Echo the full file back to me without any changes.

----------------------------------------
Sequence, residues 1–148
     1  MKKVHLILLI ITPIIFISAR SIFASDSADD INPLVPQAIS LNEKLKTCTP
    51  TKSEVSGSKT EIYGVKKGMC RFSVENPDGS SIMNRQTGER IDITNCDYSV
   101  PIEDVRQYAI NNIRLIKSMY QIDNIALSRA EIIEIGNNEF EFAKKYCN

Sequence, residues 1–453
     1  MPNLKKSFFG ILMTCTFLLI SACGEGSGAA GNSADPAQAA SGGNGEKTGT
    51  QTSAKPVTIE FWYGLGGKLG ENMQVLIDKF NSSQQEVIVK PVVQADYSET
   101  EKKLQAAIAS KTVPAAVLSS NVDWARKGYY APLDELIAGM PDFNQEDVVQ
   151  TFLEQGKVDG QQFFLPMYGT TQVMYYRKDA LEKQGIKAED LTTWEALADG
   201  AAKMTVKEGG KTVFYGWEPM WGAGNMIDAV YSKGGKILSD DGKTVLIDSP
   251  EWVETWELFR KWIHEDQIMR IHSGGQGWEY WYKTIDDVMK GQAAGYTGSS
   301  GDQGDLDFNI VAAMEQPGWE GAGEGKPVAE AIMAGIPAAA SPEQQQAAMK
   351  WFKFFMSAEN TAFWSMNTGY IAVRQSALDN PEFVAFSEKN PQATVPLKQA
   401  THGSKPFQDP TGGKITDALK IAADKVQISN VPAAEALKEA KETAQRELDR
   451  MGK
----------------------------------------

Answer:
Sequence, residues 1–148
     1  MKKVHLILLI ITPIIFISAR SIFASDSADD INPLVPQAIS LNEKLKTCTP
    51  TKSEVSGSKT EIYGVKKGMC RFSVENPDGS SIMNRQTGER IDITNCDYSV
   101  PIEDVRQYAI NNIRLIKSMY QIDNIALSRA EIIEIGNNEF EFAKKYCN

Sequence, residues 1–453
     1  MPNLKKSFFG ILMTCTFLLI SACGEGSGAA GNSADPAQAA SGGNGEKTGT
    51  QTSAKPVTIE FWYGLGGKLG ENMQVLIDKF NSSQQEVIVK PVVQADYSET
   101  EKKLQAAIAS KTVPAAVLSS NVDWARKGYY APLDELIAGM PDFNQEDVVQ
   151  TFLEQGKVDG QQFFLPMYGT TQVMYYRKDA LEKQGIKAED LTTWEALADG
   201  AAKMTVKEGG KTVFYGWEPM WGAGNMIDAV YSKGGKILSD DGKTVLIDSP
   251  EWVETWELFR KWIHEDQIMR IHSGGQGWEY WYKTIDDVMK GQAAGYTGSS
   301  GDQGDLDFNI VAAMEQPGWE GAGEGKPVAE AIMAGIPAAA SPEQQQAAMK
   351  WFKFFMSAEN TAFWSMNTGY IAVRQSALDN PEFVAFSEKN PQATVPLKQA
   401  THGSKPFQDP TGGKITDALK IAADKVQISN VPAAEALKEA KETAQRELDR
   451  MGK